The increased incidence of prostate cancer observed only in non-US patients in the tocilizumab all-exposure population may be a result of differences in screening between the USA and other countries. In the USA, rates of prostate cancer rose rapidly after the high uptake of prostate-specific antigen (PSA) testing in the 1990s and then declined because of the reduced pool of prevalent cases. In contrast, incidence and mortality rates continue to rise slowly in countries with low uptake of PSA testing, including those in central and Eastern Europe, which potentially have a high prevalence of undiagnosed prostate cancer.47 This difference may explain the high number of prostate cancer cases reported in non-US patients enrolled in tocilizumab trials. The overall risk for malignancy in patients treated with tocilizumab (based on SIR analysis) was consistent with epidemiological studies of patients with RA treated with aTNF.1 ,17 ,48

Two recently published integrated analyses of the RA clinical development programmes of tofacitinib (n=5671) and the aTNF certolizumab (n=4049) reported no increased risk for overall malignancy with either agent compared with that in the general population.46 ,49 The SIR for all malignancies, excluding NMSC, in the pooled analysis of tofacitinib clinical trial data was 1.17 (95% CI 0.96 to 1.41) using SEER.46 The SIR for all malignancies, excluding NMSC, in a pooled analysis of certolizumab clinical trial data was 1.27 (95% CI 0.99 to 1.61) using GLOBOCAN and 1.06 (95% CI 0.82 to 1.33) using SEER.49 In the current analysis, the SIR for all malignancies, excluding NMSC, with tocilizumab (US and non-US combined) was 1.17 (95% CI 0.98 to 13.9) using SEER and 1.80 (95% CI 1.51 to 2.13) using GLOBOCAN (see online supplementary table S2), which is consistent with the SIRs for all malignancies in the certolizumab and tofacitinib studies.

Data available to date for patients with RA treated with subcutaneous tocilizumab are consistent with those for patients treated with intravenous tocilizumab. Based on 26 events, the rate of malignancies or unspecified tumours in the pooled, subcutaneous, all-exposure population (1465 patients; 2302.08 PY) was 1.13/100 PY (95% CI 0.74 to 1.65) (data on file). There was no evidence of an increase in the rate of malignancies over time, and review of the events did not identify any clear pattern or type of events (data not shown).

This analysis does have limitations. Malignancies not collected in the SEER or GLOBOCAN databases (eg, NMSC, the most commonly reported malignancy) were not included in the SIR analysis, which compared the risk for malignancies in tocilizumab-treated patients and in the general population. In the current analysis, SIRs for specific types of malignancies were based on small numbers of cases. SIR estimates for malignancies with small numbers of observed cases could be unstable, and these data should be interpreted with that in mind. This analysis represents pooled long-term clinical trial data and is the most comprehensive analysis of malignancies with tocilizumab available to date. The relatively short placebo-controlled periods of the clinical trials, which are typical of RA clinical trial design, limited the availability of a relevant control group for the longer term data. The analysis population was limited to patients who participated in randomised placebo-controlled trials and long-term extension studies and, as such, represents a homogeneous patient cohort. Therefore, longer term and larger, real-world data sets may be needed for better understanding of the malignancy risk. Another limitation is that the medical adjudication of malignancies was not blinded to treatment received.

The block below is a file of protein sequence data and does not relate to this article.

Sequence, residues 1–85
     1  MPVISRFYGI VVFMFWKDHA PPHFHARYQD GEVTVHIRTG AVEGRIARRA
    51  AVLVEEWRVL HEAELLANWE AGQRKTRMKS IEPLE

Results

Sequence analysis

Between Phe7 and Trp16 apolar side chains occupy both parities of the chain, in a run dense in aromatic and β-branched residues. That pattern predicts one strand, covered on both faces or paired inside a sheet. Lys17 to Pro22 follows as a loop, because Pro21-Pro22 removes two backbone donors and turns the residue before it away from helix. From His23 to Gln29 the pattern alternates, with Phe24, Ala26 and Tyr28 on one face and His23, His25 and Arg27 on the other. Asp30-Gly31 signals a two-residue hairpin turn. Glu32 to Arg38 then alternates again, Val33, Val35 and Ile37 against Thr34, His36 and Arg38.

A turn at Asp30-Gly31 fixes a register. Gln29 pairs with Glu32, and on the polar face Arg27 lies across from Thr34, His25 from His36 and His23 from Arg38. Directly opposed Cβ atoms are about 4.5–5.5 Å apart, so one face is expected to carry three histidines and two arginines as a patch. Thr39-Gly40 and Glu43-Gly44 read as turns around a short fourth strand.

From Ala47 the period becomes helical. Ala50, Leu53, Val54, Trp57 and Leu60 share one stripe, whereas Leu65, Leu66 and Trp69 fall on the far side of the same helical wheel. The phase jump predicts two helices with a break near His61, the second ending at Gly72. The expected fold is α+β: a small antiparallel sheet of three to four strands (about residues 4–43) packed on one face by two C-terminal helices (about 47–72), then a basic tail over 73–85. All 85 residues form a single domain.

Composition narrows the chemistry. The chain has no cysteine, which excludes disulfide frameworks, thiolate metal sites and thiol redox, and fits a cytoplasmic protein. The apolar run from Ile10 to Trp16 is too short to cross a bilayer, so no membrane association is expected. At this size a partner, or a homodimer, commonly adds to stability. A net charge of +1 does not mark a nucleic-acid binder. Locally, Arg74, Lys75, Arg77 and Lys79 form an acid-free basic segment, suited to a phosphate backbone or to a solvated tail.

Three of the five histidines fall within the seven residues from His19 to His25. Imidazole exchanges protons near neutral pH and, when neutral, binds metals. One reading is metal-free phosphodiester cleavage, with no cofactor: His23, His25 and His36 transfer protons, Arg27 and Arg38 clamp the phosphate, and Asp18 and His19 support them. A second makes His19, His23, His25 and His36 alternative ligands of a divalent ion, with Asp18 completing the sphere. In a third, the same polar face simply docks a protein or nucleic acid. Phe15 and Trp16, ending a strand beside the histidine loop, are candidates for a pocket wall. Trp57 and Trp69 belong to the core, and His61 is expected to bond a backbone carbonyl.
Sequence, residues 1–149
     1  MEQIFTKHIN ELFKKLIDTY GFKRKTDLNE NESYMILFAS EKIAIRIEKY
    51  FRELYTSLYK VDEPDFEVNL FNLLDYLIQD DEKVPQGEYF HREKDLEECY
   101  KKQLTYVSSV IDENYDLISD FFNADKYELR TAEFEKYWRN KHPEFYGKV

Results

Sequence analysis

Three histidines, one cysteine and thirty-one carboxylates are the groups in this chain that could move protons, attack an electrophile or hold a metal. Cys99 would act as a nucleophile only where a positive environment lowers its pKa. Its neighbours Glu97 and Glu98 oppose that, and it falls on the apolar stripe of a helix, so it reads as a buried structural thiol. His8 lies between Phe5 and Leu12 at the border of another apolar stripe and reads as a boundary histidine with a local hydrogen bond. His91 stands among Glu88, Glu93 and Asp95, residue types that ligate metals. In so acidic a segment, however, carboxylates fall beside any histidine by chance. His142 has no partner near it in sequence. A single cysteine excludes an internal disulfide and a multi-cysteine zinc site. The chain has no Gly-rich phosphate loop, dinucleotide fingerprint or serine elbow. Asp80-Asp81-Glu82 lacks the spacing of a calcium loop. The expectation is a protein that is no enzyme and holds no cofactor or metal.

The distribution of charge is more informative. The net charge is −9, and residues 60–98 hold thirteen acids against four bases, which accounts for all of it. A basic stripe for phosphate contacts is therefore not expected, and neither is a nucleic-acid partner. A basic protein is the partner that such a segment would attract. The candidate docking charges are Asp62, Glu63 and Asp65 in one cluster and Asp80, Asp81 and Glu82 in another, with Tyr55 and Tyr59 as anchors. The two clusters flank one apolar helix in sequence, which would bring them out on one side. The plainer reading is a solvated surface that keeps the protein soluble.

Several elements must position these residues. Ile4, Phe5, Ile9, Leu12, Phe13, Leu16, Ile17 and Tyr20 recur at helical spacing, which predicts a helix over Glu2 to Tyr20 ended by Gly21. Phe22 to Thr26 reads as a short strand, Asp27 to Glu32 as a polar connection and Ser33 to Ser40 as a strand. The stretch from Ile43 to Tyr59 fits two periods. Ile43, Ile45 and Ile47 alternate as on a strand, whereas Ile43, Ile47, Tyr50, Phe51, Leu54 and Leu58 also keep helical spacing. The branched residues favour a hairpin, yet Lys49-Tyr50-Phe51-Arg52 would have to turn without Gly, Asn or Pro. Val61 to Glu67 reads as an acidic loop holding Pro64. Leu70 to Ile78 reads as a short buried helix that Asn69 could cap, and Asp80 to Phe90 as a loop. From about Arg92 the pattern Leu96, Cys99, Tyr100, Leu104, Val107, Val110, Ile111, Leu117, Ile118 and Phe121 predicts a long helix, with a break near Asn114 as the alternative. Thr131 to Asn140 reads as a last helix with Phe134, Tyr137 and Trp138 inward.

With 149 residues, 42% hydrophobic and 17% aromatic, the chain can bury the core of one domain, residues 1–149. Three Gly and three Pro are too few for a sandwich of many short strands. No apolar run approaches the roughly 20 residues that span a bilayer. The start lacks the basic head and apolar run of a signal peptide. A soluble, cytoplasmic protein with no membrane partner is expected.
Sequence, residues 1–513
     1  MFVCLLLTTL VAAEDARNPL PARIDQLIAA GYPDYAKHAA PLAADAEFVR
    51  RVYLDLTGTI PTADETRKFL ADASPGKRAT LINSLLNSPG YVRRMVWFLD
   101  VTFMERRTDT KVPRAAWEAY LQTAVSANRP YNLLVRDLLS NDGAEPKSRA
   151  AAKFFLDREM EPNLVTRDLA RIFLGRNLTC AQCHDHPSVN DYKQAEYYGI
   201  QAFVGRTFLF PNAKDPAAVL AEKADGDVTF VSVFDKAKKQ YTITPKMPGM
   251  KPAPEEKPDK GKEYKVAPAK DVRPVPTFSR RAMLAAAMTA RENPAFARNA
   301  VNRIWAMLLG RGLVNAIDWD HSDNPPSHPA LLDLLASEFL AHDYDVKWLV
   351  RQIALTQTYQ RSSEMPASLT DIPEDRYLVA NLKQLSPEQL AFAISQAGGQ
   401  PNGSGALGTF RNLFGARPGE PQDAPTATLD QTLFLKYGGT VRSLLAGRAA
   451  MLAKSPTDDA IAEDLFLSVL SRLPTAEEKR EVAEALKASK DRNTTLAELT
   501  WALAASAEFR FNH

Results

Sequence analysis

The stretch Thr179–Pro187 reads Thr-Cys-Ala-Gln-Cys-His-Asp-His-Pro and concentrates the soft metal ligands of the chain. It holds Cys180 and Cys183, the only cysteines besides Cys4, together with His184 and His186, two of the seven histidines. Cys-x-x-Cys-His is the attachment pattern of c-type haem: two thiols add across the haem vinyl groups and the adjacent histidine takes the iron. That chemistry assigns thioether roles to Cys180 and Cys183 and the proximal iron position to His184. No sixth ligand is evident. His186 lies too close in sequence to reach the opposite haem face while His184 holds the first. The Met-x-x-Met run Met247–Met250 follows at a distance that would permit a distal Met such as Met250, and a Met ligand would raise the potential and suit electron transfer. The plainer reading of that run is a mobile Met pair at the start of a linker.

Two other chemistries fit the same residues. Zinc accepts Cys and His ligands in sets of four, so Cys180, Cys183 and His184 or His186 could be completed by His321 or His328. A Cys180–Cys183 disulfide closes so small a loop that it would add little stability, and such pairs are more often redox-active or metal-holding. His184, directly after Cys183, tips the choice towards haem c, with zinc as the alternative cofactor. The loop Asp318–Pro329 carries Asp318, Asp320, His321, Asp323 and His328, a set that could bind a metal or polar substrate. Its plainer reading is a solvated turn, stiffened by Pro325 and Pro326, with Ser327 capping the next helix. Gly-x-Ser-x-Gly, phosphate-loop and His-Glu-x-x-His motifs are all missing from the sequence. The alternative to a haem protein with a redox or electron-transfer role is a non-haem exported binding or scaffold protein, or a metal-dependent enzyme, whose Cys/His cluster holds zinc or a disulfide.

In conclusion, long-term data available to date for tocilizumab-treated patients in the clinical trial setting do not indicate an increased risk for overall or site-specific malignancies above the risk expected in RA. Continued monitoring will inform on the longer term risk for malignancy with tocilizumab treatment in RA.

Acknowledgments

The authors thank Sara Duggan, PhD, Maribeth Bogush, PhD, and Meryl Mandle of ApotheCom, who provided writing services on behalf of F Hoffmann-La Roche Ltd.

  • Received November 17, 2015.
  • Revision received April 14, 2016.
  • Accepted April 19, 2016.

References

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Footnotes

  • Funding Funding for manuscript preparation was provided by F Hoffmann-La Roche Ltd.

  • Competing interests AR-R has received grants and ad board/lecture fees from Roche, Pfizer and Chugai and ad board/lecture fees from Merck Sharp and Dohme, BMS and AbbVie. AS has received speaking and consulting fees from Genentech. LB, AK, BP-B, PN and JP are employees of Roche-Genentech. RFvV has received grants from Roche, AbbVie, Amgen, BMS, GSK, Pfizer, Roche, UCB, Biotest, Crescendo, Janssen, Lilly, Merck Sharp and Dohme, UCB and Vertex.

  • Provenance and peer review Not commissioned; externally peer reviewed.

  • Data sharing statement No additional data are available.